Here, i explain how i have come to understand the Pension Expense. If it helps you great, if it doesn’t, please ignore.
First assume you have a mini balance sheet, seperately for your pension accounting. Whatever the net outcome of your mini balance sheet is, will be recorded in your MAIN balance sheet as either an Asset or a Liability under a fancy account called Funded Status of Pension Plan.
Next, in your mini balance sheet, you’ve got the asset and the liability. ( Your Liability is also called PBO)
Your Liability is only one figure - it’s simply the present value of payments to be made in the future. In lay man terms, this is a debt you owe to your hardworking employees and will have to pay back at some point in the future.
We all hate liabilities - at least, most of us do - so you decide on a nice plan to have some assets in place, to fund your liability whenever it comes due in the future. This is simply some amount of cash you’ve invested and expect to earn some income on at some point in the future.
So all good! Assets and Liabilities, equation balanced! When you net your assets against your liability, whatever you get is your funded status.
But there is a caveat though.
Your liability, like all debt, is not static, for two reasons.
Like all debts, you pay interest on it. - we will call this your interest expense
Each year your hardworking employees sweat hard for you, you owe them more – whatever you owe them in that year is what we will call the Current Cost.
At the end of the year, your liability will have increased by Interest Expense + Current cost.
So your ending PBO = Begining PBO + Interest expense + Current Cost.
Just in case you are mumbling and cursing beaneth your breathe at “Those d**n pigs bleeding their poor employer to death” …you might want to take a chill pill and look at your Assets!
Your Assets would have made some returns as well. The total returns on your assets, as usual is in two components
Capital Gains component
If you are American, the income return component of your assets will simply be = Expected return * Plan Assets. (If you are british, you use interest rates instead of expected return)
So, Total Return on your assets = Income return Component + Capital Gains Component
and therefore, by simple mathematics, Capital Gains component = Total Actual Return - Income return,
which is the same as writing [Actual return -(expected return * plan assets)]
The Net periodic Pension cost is simply a net measure of the amount by which your Liability and your assets must have increased by the end of the year, after also factoring in employer contributions.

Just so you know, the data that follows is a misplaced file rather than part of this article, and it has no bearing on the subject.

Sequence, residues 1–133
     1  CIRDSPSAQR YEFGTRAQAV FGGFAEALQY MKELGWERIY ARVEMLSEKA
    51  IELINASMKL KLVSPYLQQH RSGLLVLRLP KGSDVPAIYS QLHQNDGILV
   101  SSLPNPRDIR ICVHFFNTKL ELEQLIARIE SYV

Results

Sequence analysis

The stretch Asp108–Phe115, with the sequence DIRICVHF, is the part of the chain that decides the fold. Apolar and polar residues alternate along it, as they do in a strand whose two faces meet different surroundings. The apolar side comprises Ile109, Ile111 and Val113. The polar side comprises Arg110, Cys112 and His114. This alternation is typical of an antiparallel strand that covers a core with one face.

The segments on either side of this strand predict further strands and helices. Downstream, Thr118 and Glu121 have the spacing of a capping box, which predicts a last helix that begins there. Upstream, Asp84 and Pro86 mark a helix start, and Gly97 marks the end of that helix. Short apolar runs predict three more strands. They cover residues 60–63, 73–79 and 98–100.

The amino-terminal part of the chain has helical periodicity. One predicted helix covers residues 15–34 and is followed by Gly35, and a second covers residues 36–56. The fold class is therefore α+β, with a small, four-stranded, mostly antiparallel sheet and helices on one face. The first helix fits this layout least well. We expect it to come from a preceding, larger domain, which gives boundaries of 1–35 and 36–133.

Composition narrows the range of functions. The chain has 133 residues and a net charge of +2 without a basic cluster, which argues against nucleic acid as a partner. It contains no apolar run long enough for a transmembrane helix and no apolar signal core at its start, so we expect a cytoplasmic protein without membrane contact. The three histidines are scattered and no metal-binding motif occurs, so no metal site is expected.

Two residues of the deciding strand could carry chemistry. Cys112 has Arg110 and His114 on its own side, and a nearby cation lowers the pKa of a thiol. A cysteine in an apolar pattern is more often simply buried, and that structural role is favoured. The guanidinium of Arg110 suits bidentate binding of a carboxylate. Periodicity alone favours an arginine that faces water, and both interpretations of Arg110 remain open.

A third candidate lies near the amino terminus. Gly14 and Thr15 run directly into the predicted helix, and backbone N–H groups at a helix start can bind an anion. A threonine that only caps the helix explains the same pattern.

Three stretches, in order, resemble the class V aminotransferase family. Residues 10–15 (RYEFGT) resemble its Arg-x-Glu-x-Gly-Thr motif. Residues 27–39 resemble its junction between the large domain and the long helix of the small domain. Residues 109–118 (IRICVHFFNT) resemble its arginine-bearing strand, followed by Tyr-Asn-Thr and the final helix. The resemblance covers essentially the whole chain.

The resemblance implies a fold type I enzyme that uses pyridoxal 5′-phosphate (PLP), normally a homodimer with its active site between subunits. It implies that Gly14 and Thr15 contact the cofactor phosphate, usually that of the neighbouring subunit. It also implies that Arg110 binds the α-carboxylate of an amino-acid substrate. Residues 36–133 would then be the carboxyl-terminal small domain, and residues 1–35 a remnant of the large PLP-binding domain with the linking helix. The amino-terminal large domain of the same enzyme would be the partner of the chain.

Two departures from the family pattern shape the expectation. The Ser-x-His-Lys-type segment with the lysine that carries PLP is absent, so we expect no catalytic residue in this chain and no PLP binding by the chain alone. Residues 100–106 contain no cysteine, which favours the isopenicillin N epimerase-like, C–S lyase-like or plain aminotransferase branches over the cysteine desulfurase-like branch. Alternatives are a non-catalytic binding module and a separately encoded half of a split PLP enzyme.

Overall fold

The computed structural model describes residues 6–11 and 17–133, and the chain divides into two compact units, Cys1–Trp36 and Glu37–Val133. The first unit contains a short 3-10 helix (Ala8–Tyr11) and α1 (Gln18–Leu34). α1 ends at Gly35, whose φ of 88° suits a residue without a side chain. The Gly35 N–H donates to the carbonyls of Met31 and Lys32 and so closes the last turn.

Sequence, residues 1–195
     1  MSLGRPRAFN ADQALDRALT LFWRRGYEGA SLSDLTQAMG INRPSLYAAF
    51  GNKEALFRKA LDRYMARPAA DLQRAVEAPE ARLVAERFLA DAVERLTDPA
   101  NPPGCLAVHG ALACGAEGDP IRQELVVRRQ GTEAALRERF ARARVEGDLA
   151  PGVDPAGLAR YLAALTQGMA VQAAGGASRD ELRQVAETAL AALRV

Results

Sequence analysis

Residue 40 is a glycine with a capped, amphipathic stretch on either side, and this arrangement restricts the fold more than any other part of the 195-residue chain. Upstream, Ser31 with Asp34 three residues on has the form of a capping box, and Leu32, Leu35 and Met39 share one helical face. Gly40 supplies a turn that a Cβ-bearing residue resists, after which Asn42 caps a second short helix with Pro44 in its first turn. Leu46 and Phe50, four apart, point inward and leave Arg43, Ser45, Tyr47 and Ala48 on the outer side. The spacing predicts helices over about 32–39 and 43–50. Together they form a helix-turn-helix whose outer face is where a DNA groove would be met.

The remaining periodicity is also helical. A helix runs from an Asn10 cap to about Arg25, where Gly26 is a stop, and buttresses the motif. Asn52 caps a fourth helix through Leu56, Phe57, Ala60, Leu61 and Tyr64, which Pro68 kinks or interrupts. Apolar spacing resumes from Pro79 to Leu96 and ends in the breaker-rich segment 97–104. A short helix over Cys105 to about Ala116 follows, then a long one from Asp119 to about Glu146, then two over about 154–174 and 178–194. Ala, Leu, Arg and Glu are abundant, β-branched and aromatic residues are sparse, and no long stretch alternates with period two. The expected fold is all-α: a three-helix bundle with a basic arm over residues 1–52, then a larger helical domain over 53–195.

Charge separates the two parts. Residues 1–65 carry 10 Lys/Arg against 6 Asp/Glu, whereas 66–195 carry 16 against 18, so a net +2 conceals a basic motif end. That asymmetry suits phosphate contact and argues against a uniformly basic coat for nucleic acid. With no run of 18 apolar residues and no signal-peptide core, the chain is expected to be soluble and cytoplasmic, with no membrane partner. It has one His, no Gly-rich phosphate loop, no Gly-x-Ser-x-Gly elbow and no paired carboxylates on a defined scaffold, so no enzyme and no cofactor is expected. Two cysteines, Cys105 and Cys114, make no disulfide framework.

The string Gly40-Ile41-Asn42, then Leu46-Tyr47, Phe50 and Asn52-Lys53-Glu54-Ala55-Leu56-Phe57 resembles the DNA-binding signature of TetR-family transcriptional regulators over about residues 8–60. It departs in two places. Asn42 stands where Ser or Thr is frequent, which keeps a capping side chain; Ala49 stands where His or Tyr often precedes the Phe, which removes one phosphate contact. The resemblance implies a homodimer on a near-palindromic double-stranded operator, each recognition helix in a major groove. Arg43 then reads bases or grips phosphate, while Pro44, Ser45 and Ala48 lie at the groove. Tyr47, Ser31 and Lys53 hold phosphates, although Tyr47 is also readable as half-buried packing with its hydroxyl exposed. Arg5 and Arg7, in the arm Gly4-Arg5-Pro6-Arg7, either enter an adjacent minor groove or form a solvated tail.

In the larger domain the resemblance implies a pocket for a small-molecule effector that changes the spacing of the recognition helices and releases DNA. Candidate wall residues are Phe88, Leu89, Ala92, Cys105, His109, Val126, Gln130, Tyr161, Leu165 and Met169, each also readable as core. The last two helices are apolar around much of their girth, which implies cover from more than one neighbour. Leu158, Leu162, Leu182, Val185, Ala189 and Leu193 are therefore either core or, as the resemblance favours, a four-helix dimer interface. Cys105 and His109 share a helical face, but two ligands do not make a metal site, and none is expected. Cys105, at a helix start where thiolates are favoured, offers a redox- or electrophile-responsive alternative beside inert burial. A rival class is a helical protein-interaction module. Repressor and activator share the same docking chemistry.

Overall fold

The amount is =[Increase in Liability - Increase in Assets.] - Employer Contributions.
This is the same as
[Current service cost + Interest Expense] - [Income Component + Capital Gains Component] - Employer Contributi
Also, remember that Liability - Assets = Funded status.
So, we can also re-write
[Increase in Liability - Increase in Assets.] - Employer Contributions
as Change in Funded status - Employer Contributions.
This is your Net Periodic Pension cost. This is also your Periodic Pension Cost. This is also your total Periodic Pension cost. All three are the same just poor naming conventions.
So let’s talk a bit about how US GAAP differs from IFRS.
The first difference:
Rememeber that our asset return in each period is said to be made up of two components
Capital Gains Component
The main significant difference is how interest component is defined. Americans use Expected return * Asset (Americans like dreams and expectations), the british use Interest rates * Assets.
The second difference:
Remember our final derivation?
[Current service cost + Interest Expense] - [Income Component of Returns + Capital Gains Component] - Employer Contributions
Under US GAAP, the equation is fine as it is. Under IFRS, those two middle components are netted together in a single figure called NET INTEREST EXPENSE.
The third difference:
There are times, when you make ammends to your company’s pension plan to take into account some guys who may have come way back with you when you first started the company. You call this Past Service Cost.—think of this as Loyalty Points.
Now look at that long equation again. The difference here is that under IFRS, this Past Service Cost is simply added to the Current Service cost…but guess what the Americans do? They toss it in the bin! Yes you heard me right, so much for Loyalty. Under GAAP, all that Loyalty Points are tossed into a big bin called OCI and then slowly amortised into the Income statement by dividing Past Service Cost by expected number of employee years.
Speaking of the big bin…
What are the contents? Well just about any s***ty stuffs you can think of really, mostly coded as “Actuarial Stuff”
Actuarial Stuffs are the randomn stuffs you were not expecting. For instance, let’s say you change the assumptions you’ve made about your discount rates, the rate of compensation increase, or how long your employees are likely to live, these changes will affect the value of your liabilites and the increase or decrease is coded as “Actuarial Stuff”, tossed away in the big bin called OCI.
Additionally, if you are American, and had filed your statements using Expected returns, then you must also record the Capital Gains portion of your returns in the OCI.
Recall that we agreed earlier on, that:
Capital Gains Component = Total Actual Return Component - Income Component
and Income Component = Expected return * Asset.
If you have manged to stay this far without getting confused, well thank you. and here’s the final and fifth difference between IFRS and GAAP
Under IFRS, you never amortize your bin bag! You should say this to yourself over and over again!
Under GAAP, you amortize Past service cost by dividing by expected number of years and you amortize the rest of your bin bag using the corridor approach.